Month: August 2015

The Freshie Perspective: Roller Derby and Body Image

Image credit Kelly Norwood, Flickr CC

I know body image in roller derby isn’t exactly an original topic, but I thought I’d throw in my two cents on how the sport has had a positive impact on one clueless freshie.

Recently, I was on the train home from practice with another freshie who I hadn’t seen for a number of weeks (she’d been out with an injury). As we approached my stop, I stood up to leave and she exclaimed, “Jess, your thighs and bum get bigger every time I see you!”

Now, to a lot of people, this wont sound like a positive thing. Women + large bottom half = bad, right? Maybe in other circles, but because of the context of roller derby I knew she meant it as a compliment (and you better believe I took it as one!). So buoyed was I by this ever-growing-thighs-and-bum comment that I was practically beaming by the time I walked through my front door, and couldn’t wait to relay it to the boyfriend (yup, I’m that sad). I’m aware that for many women, a comment like this has the power to trigger a nasty body-shame spiral of self-hate and biscuit-binging. It probably would have done that to me, not so long ago. What changed? Honestly, I think it’s largely down to roller derby.

Generally, women are told to occupy less space; to thin their bodies down, be concave not convex. Now, I don’t want to be smaller. The opposite, in fact – I want to take up space. And not only take it up, but to be strong enough to really own that space, and to stop anyone else from taking it. Watching amazingly talented blockers manage to be like fierce immovable objects on the track, I think about how I want to emulate them one day. Slowly, I’m starting to notice the impact of the last four-odd months of training. I can hold derby stance for longer and longer periods of time (although striving to get lower will be a never-ending goal). I can keep up with a pace line better. My 27-in-5 is almost in sight. And, yes, my quads are satisfyingly more prominent (on legs that never had muscle definition in my life). In short: roller derby has been fucking fantastic for my body image.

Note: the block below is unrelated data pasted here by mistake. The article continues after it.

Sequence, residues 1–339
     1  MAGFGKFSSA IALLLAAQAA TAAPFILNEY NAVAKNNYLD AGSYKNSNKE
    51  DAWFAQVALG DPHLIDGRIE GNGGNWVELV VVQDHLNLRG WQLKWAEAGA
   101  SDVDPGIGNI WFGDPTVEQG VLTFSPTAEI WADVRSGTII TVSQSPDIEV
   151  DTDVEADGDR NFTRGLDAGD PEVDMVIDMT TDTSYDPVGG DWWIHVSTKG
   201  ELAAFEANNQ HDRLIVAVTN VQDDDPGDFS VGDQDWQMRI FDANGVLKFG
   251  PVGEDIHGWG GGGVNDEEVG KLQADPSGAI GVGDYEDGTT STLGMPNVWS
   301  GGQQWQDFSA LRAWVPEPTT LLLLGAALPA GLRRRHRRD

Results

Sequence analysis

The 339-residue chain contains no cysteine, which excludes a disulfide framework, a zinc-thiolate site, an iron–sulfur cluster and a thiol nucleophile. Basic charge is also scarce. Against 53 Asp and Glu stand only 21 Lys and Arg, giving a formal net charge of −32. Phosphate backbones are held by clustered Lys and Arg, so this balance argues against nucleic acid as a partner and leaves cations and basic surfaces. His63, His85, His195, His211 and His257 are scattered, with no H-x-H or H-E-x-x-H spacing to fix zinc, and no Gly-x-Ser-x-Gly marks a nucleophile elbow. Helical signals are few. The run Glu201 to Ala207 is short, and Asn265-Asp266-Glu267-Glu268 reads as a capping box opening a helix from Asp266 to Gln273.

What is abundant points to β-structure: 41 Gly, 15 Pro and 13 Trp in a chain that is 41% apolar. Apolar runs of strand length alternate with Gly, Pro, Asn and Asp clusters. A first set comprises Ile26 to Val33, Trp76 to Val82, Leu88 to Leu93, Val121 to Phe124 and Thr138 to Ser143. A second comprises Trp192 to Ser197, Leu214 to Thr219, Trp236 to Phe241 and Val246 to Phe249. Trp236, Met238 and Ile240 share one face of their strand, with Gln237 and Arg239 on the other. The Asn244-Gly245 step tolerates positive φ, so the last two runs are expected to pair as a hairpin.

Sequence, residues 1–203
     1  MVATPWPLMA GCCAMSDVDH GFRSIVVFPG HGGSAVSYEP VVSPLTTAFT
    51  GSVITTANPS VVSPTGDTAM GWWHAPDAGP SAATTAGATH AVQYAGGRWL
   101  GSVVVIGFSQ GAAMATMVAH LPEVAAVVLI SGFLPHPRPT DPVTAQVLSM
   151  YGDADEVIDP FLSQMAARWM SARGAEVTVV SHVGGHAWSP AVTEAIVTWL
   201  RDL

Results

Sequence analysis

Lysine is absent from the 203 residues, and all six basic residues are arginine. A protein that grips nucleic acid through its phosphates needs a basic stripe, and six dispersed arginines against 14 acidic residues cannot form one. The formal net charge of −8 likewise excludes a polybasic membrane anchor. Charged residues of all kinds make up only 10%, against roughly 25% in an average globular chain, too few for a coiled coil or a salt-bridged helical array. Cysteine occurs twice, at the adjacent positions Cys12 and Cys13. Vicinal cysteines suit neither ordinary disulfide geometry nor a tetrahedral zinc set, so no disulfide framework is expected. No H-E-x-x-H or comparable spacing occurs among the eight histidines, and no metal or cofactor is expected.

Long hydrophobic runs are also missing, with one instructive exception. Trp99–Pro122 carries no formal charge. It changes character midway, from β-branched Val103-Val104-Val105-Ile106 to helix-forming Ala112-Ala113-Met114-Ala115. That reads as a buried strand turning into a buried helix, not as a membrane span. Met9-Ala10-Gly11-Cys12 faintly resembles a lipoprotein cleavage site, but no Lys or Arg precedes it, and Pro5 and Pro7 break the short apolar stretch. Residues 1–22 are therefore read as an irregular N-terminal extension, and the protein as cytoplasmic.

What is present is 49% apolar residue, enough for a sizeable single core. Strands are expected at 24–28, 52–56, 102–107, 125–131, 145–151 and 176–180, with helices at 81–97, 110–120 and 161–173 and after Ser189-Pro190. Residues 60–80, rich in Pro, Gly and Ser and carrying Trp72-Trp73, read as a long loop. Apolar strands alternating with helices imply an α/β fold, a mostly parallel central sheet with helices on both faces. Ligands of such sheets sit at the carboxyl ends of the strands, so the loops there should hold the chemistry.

I think two things about roller derby have contributed to more positive body image for me: the sport itself, of course, but also the people who play it. As soon as you start watching bouts, you realise that a diverse range of body types can be successful at this sport. There is also something very grounding about being around a bunch of other women, sweating, pushing yourself, striving to do something physically demanding, and all the while not giving a shit about what you look like. Roller derby means getting red in the face, leaving sweat marks on the floor, and stinking out the sports hall, and that’s kind of liberating in a world that teaches girls to be un-perspiring, put-together and submissive (although awesome campaigns such as This Girl Can are starting to change that). Turns out being gross together is kind of fun, and looking a certain way… not so much a requirement.